On Jan. 25, Multnomah County Sheriff Mike Reese pledged his office wouldn't help President Donald Trump deport undocumented immigrants.

"I believe we have a responsibility to nurture a relationship of trust with everyone in our community," Reese said. "When our community trusts us, they share information about crime, and victimization, that they may not otherwise share—and that makes us all safer."

As early as Nov. 15, local officials pledged that Portland will remain a "sanctuary city" for undocumented immigrants, despite threats by Trump to remove federal funding from cities that don't help with deportations.

Those words are important. But Reese won't have to contend only with Trump, but with people in his own employ.

In late December, one of Reese's deputies allegedly helped deliver an undocumented immigrant to agents with U.S. Immigration and Customs Enforcement.

ICE agents apparently acted using information supplied by Deputy Larry Wenzel, emails obtained by WW show.

The Sheriff's Office has opened an internal affairs investigation into Wenzel's actions, says a spokesman. Reese declined to comment until the investigation is complete.

"What Oregon and Portland need to do now is stand up against the Trump administration," says Kasia Rutledge, an attorney with Metropolitan Public Defender Services whose client was arrested by ICE on Dec. 21. "So far, I have not been impressed with how our sheriff and local law enforcement have been responding."

(Gabriel Green)
(Gabriel Green)

The arrest of Rutledge's client came well before Trump took office Jan. 20. Lawyers and advocates say ICE appears to have raised its profile and the pace of its enforcement activity since then.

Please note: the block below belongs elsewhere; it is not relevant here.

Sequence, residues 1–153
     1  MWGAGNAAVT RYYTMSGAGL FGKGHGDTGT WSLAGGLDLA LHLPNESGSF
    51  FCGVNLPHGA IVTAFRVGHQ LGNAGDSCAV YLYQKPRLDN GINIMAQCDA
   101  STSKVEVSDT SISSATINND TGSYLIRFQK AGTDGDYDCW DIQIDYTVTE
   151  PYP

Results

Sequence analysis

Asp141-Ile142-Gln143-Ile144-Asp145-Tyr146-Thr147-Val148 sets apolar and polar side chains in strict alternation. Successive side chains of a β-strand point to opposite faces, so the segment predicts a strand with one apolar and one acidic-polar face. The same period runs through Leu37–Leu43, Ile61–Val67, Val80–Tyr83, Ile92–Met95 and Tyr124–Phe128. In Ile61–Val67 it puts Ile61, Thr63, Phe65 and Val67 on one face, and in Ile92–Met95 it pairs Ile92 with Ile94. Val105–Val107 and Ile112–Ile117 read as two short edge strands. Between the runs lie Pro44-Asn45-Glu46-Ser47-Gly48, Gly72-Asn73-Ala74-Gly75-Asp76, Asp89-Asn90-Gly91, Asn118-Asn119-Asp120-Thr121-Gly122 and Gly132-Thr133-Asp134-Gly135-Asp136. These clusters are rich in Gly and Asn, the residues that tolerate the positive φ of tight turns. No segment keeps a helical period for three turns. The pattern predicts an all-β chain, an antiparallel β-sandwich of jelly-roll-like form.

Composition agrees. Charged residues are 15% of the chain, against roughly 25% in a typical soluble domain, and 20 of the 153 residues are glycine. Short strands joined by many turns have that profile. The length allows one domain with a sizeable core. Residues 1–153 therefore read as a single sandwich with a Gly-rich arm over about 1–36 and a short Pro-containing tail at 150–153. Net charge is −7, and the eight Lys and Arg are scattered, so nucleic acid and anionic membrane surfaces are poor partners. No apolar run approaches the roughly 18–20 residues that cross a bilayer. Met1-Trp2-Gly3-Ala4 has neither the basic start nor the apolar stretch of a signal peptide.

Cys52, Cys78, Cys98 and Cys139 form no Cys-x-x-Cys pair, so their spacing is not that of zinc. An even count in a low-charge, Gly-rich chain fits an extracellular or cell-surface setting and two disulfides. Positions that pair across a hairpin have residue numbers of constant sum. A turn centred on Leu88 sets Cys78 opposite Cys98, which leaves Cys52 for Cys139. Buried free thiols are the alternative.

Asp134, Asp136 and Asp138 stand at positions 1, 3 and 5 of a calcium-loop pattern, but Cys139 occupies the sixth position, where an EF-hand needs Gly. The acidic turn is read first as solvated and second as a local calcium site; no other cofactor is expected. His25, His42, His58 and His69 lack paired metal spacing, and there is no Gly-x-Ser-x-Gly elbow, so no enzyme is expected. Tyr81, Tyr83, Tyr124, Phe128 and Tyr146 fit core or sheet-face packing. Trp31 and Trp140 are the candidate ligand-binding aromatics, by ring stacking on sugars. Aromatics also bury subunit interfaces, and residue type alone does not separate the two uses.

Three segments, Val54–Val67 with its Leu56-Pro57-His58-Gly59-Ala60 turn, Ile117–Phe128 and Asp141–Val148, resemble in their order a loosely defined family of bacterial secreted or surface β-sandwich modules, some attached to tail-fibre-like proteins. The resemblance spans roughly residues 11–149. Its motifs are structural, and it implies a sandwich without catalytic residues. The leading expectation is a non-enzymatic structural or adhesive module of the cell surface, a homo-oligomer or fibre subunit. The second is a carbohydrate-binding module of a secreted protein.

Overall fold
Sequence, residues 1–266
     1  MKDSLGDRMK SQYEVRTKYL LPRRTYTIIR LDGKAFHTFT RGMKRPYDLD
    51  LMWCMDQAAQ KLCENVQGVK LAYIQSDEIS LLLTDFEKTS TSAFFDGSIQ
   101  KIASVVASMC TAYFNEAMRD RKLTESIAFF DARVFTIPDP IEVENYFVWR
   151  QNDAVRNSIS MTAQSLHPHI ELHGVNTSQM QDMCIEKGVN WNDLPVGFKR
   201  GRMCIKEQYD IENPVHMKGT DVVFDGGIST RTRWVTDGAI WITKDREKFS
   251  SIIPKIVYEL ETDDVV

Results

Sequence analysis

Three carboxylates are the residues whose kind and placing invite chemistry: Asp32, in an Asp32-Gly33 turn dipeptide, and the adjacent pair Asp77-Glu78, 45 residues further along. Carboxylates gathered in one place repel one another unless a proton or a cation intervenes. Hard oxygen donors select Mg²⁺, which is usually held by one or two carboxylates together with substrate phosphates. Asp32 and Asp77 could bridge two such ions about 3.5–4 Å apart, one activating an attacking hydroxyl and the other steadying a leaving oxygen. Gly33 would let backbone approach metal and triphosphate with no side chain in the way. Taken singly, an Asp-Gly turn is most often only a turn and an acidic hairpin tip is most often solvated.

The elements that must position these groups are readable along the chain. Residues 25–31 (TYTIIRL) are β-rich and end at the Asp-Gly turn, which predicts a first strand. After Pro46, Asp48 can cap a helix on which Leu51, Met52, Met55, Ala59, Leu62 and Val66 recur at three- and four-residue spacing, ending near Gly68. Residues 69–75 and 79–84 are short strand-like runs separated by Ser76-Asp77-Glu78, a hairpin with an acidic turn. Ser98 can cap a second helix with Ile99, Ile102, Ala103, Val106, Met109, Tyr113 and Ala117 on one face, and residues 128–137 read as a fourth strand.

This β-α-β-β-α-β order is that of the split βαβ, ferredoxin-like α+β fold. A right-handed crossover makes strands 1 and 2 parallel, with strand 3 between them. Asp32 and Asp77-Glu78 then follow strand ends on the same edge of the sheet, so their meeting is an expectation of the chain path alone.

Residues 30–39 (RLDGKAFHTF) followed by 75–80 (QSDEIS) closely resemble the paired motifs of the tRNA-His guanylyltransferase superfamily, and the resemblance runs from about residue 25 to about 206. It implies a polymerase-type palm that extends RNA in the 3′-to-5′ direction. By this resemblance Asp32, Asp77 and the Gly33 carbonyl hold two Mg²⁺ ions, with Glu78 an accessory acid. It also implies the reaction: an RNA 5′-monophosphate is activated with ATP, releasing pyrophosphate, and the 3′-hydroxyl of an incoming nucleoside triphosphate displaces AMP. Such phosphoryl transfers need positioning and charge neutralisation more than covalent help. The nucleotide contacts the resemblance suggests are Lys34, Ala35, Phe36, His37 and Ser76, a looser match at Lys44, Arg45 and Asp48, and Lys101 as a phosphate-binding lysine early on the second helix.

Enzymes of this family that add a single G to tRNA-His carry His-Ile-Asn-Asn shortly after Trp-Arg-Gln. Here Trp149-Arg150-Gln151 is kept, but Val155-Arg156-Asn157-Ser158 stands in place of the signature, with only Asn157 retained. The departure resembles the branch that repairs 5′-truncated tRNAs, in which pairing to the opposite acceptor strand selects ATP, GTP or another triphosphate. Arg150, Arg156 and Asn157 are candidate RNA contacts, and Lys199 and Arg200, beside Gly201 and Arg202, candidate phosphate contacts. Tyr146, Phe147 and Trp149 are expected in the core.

As WW first reported Jan. 28, plainclothes federal agents wearing T-shirts and jeans have arrested several immigrants in the past two weeks at the Multnomah County Courthouse, according to the American Civil Liberties Union of Oregon. Defense attorneys and other witnesses tell WW that ICE agents have also demanded names from people who appear to be minorities at the courthouse, and have taken custody of some people on their wanted lists.

It's hard to be sure whether those arrests mark an increase from ICE's typical activity. An ICE spokeswoman confirmed five arrests at or near a courthouse this month. But ICE has declined to disclose month-by-month statistics, and maintained that its instructions to officers are too sensitive to share with the public.

Local lawyers say the raids suggest a federal immigration agency emboldened by Trump's election and executive orders—and acting in ways that local elected officials may find more effective than they imagined.

"If underneath them their subordinates are sending people to the [ICE] Tacoma Detention Center, there's a problem," defense attorney Chris O'Connor tells WW. "There's no actual plan for the day-to-day interactions."

Multnomah County officials, including Reese, County Chairwoman Deborah Kafoury and Presiding Multnomah County Circuit Judge Nan Waller, were alarmed enough to issue a joint statement Jan. 28.